Today I decided it would be time for yet another post consisting of ridiculously many different pictures of ‘bunkai movements’ to a chosen technique.
I’ve done this twice before, here and here.
The purpose of this post is not to tell you “this is the best application for this technique”, but rather to show you the almost endless possibilities that you have when interpreting the movements of kata.
Anyway, the technique of this post is Juji-uke, meaning: “figure ten block” in Japanese. The name is quite simple to understand when you know that the Japanese sign for the number ten (10) looks like this:
It’s simply a cross.
And that’s how we do when we block. We cross our arms, in this fashion:
The block is done sometimes with open hands, and sometimes with closed hands. Sometimes up, sometimes down.
But what is the purpose of the block?
Well, ask almost anybody and this is what they will show you, right here (demonstrated by my loyal slaves “colleagues” Viktor and Jesper):
A knife defense!
I don’t know how many times I’ve seen this, but it’s faaaar too many.
And if the block is down, they do this:
Does anybody really fall for that?
Personally, interpretations (I don’t even want to call them ‘bunkai’) like these make me sick.
Not only are you doing a completely unrealistic technique (practically offering your arteries to the blade of the knife) but you are also endangering other peoples lives if you teach this, should they ever attempt this move with a sharp knife.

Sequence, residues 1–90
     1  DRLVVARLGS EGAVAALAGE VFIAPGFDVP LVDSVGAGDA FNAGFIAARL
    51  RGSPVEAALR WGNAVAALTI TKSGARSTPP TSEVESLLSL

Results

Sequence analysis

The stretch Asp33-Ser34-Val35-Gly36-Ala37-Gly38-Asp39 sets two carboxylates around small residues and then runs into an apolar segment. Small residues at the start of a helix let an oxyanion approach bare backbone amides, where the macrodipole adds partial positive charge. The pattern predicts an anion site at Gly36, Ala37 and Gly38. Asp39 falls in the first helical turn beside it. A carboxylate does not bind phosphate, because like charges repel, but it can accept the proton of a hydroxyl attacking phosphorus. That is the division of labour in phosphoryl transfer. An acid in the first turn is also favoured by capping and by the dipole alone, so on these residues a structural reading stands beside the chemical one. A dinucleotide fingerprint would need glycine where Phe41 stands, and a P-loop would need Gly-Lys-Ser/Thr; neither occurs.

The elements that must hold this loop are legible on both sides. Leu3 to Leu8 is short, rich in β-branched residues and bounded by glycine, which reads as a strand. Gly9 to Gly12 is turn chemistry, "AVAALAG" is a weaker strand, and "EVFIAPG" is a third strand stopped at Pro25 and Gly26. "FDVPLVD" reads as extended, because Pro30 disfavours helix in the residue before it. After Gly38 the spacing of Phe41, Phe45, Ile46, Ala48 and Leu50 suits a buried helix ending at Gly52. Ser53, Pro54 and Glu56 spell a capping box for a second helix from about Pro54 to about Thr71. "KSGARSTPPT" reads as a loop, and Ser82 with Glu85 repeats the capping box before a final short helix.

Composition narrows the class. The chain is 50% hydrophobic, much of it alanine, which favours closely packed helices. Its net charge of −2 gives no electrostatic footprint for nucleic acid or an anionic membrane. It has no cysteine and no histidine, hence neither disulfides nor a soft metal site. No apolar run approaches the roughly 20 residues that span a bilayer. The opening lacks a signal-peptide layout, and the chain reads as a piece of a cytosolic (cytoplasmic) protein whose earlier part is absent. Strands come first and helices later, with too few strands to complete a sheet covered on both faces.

Like I said in the beginning, there are almost endless possibilities when exploring the world of bunkai-jutsu, but some moves simply don’t work, and they need to be discarded.
We’ve tried to keep it real below.
What looks like a cross block can easily be used as a takedown, joint lock, strike, choke, throw, hold/pin, groin grab and much more, as you will see.
So, I present to you, 72 bunkai to Juji-uke.
Some crap, some pure awesomeness.
(Click any image for a larger version.)
Like I’ve said in the previous bunkai posts, the hard part is not posing in a position, like above.
That’s easy (except if you’re the victim)!
The hard part is trying to recreate one of the above scenarios, and asking yourself “How did I get here?”. “From which attack did I defend myself to get to this position (juji-uke)?”. Then you just need some reverse engineering, and you have your complete bunkai.
Finally, find a kata where it fits, and you’re done.
That’s how I do.
What’s left is just practise, practise and more practise.
And leave the knife stuff to action movies, okay?